The following is an excellent list of resources for further reading and study into the effective inclusion of women’s history into historical preservation. It is by no means comprehensive, but we found great value in reading the following and hope you will too. Most of them require nothing more than a click (or a few) of the mouse and a few minutes of your time to explore.
“Declaration of Sentiments”
“We hold these truths to be self-evident: that all men and women are created equal…” So begins the Declaration of Sentiments – the document created at the first Women’s Rights Convention held in Seneca Falls, NY in 1848. In it, 68 women and 32 men, used the model of the U.S. Declaration of Independence to lay bare their demands for women’s rightful place in our society. It is simply a must read for any preservationist, but unfortunately it’s one most don’t even realize exists.
“Raising Our Sites: Integrating Women’s History into Museums” by Kim Moon
National Women’s History Project
“Places where women made History” by the National Park Service
“Feminism in the Museum” by Lisa Price
“Transmitting Culture by Preserving Women’s History” by Connie Lamb http://www.mtnforum.org/sites/default/files/pub/1019.pdf
Connie Lamb’s article discusses the Women’s Manuscript collection that focuses on Mormon and Western U.S. women maintained at The Bringham Young University (BYU) in Provo, Utah. Lamb presents a strong case for including women’s manuscripts in historical preservation to access and document women’s life experiences throughout history by preserving diaries, letters, poetry, oral histories, biographies, etc. Her articles includes a link to the online guide to the manuscript collection maintained at BYU, which does offer online access to some texts.
“Restoring Women’s History Through Historic Preservation” edited by Gail Lee Dubrow and Jennifer B. Goodman
This book is not available online (though some of the articles it contains are), but it is available at the Franklin & Marshall College Library in Lancaster, PA. The general public is welcome to join the library for a nominal fee, and we encourage you to do so if for no other reason than to read this book (though you might find yourself enjoying the architecture, the quiet, and the Library of Congress cataloging system at the library). In it information abounds about how to research women’s history, combat challenges to preserving women’s history, include women’s history in existing preservation, organize new preservation of women’s history, build a “village” that will tackle the issue of preserving women’s history in your community, and more.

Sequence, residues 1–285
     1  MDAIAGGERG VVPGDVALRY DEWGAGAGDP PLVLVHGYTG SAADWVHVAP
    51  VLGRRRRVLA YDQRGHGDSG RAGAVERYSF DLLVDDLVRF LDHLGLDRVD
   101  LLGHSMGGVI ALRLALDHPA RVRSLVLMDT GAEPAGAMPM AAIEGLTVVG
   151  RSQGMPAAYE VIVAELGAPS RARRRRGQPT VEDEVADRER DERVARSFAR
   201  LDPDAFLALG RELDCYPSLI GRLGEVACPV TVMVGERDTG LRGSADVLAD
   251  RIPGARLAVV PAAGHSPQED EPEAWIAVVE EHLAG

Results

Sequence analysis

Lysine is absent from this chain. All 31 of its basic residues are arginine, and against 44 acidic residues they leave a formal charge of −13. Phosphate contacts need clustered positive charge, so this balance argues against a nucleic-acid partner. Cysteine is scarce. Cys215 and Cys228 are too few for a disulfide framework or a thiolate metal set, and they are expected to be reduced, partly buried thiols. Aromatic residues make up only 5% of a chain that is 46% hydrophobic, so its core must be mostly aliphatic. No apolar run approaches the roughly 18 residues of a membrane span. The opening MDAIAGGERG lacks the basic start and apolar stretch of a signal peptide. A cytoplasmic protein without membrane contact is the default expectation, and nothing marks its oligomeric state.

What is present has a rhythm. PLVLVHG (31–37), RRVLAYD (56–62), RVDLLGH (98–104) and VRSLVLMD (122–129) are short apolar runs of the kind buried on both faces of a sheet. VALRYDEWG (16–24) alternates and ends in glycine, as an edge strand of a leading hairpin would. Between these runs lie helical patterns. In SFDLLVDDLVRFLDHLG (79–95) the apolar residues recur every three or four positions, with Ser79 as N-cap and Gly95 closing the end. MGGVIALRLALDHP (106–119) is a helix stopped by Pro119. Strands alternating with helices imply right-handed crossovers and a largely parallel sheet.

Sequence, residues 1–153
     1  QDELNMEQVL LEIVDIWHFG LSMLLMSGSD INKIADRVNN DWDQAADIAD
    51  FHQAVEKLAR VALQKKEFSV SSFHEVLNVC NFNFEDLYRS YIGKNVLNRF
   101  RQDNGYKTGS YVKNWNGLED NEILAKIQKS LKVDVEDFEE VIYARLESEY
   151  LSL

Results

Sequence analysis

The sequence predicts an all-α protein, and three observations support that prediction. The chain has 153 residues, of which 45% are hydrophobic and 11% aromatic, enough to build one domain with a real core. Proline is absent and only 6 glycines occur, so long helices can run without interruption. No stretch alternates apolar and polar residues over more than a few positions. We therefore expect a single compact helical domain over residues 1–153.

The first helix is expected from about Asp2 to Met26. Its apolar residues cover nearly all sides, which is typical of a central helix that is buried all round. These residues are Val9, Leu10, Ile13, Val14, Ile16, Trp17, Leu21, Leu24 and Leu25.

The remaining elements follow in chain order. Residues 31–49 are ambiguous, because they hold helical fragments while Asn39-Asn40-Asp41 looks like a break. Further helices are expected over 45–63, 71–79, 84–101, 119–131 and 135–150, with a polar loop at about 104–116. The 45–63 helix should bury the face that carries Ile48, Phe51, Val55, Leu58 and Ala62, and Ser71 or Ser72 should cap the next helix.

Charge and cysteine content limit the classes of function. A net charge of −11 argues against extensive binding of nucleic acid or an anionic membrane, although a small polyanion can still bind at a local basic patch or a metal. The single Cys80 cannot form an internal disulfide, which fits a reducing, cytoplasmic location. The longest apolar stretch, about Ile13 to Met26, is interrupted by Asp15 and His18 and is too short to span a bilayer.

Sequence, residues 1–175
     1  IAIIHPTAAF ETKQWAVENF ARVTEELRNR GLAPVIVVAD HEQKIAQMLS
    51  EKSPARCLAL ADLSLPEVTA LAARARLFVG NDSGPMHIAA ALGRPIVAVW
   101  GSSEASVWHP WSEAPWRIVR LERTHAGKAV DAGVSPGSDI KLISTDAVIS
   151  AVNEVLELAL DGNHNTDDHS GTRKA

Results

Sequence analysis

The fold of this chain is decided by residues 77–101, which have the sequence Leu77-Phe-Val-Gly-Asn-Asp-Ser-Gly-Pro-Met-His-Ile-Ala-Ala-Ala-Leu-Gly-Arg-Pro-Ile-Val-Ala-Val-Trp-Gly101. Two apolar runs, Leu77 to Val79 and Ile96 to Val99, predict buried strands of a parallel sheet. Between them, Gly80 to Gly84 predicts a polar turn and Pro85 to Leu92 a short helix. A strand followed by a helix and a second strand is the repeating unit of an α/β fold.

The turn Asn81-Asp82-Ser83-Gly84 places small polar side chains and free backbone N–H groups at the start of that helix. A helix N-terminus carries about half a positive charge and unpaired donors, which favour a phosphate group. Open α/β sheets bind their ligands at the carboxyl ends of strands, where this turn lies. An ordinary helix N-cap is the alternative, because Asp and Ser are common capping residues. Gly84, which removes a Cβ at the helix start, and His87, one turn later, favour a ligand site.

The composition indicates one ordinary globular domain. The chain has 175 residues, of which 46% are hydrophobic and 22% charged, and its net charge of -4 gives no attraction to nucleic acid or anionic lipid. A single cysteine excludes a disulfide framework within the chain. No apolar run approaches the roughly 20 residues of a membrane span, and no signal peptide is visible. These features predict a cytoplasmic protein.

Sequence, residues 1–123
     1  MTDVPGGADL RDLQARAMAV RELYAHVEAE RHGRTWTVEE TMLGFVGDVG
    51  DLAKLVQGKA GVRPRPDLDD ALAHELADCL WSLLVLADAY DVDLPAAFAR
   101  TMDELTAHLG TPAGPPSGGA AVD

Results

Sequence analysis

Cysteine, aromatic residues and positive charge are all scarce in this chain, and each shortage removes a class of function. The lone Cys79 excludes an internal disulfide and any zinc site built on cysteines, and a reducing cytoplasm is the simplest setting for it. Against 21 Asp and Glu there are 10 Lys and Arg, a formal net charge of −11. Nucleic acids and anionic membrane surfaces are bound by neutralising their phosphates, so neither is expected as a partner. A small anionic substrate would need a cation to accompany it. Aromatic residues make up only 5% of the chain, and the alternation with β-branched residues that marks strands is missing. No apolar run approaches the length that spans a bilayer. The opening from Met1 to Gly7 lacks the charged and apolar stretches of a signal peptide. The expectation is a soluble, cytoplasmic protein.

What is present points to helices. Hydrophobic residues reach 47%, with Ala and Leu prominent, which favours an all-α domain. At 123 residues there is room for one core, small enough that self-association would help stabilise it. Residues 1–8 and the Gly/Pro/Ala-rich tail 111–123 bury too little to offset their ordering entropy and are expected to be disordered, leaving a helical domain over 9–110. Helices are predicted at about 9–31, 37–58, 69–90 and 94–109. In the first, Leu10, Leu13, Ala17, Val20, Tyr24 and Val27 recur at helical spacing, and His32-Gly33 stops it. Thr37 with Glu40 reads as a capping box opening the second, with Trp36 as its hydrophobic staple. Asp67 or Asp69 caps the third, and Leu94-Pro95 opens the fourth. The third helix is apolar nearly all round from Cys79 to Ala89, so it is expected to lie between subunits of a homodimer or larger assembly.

“Revealing Women’s History: Best Practices at Historic Sites” by the National Collaborative for Women’s History Sites
In this publication, five case studies are presented of how the historic sites across our country have brought the female part of our history into their preservation based on asking: “What women were present here?”, “What women were affected by the events/people here?”, “How did women affect this site?”, and “How did they perceive it?”.
National Collaborative for Women’s History Sites
Founded in 2001, the National Collaborative for Women’s History Sites (NCWHS) works towards the goal of making women’s history and their participation in American life highly visible and valued in historic sites. One of the ways they do this is by publishing Women’s History: Sites and Resources, a 142-page reference guide for American women’s past that features forty women’s history sites and projects, complete with travel itineraries, teaching plans, and websites. Additionally, NCWHS is currently working on a women’s history heritage trail project, and hosted an “Integrating Women’s History” workshop in 2011 (the complete video series of the workshop is available to watch free of cost on their website).